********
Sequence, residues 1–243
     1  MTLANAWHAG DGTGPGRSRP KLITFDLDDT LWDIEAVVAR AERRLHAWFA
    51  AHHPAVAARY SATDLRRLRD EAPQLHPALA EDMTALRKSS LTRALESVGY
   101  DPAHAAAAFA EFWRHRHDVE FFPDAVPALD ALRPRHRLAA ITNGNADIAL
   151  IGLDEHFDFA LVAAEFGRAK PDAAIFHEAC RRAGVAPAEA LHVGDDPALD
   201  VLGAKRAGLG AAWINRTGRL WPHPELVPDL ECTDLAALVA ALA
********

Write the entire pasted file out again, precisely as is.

Sequence, residues 1–243
     1  MTLANAWHAG DGTGPGRSRP KLITFDLDDT LWDIEAVVAR AERRLHAWFA
    51  AHHPAVAARY SATDLRRLRD EAPQLHPALA EDMTALRKSS LTRALESVGY
   101  DPAHAAAAFA EFWRHRHDVE FFPDAVPALD ALRPRHRLAA ITNGNADIAL
   151  IGLDEHFDFA LVAAEFGRAK PDAAIFHEAC RRAGVAPAEA LHVGDDPALD
   201  VLGAKRAGLG AAWINRTGRL WPHPELVPDL ECTDLAALVA ALA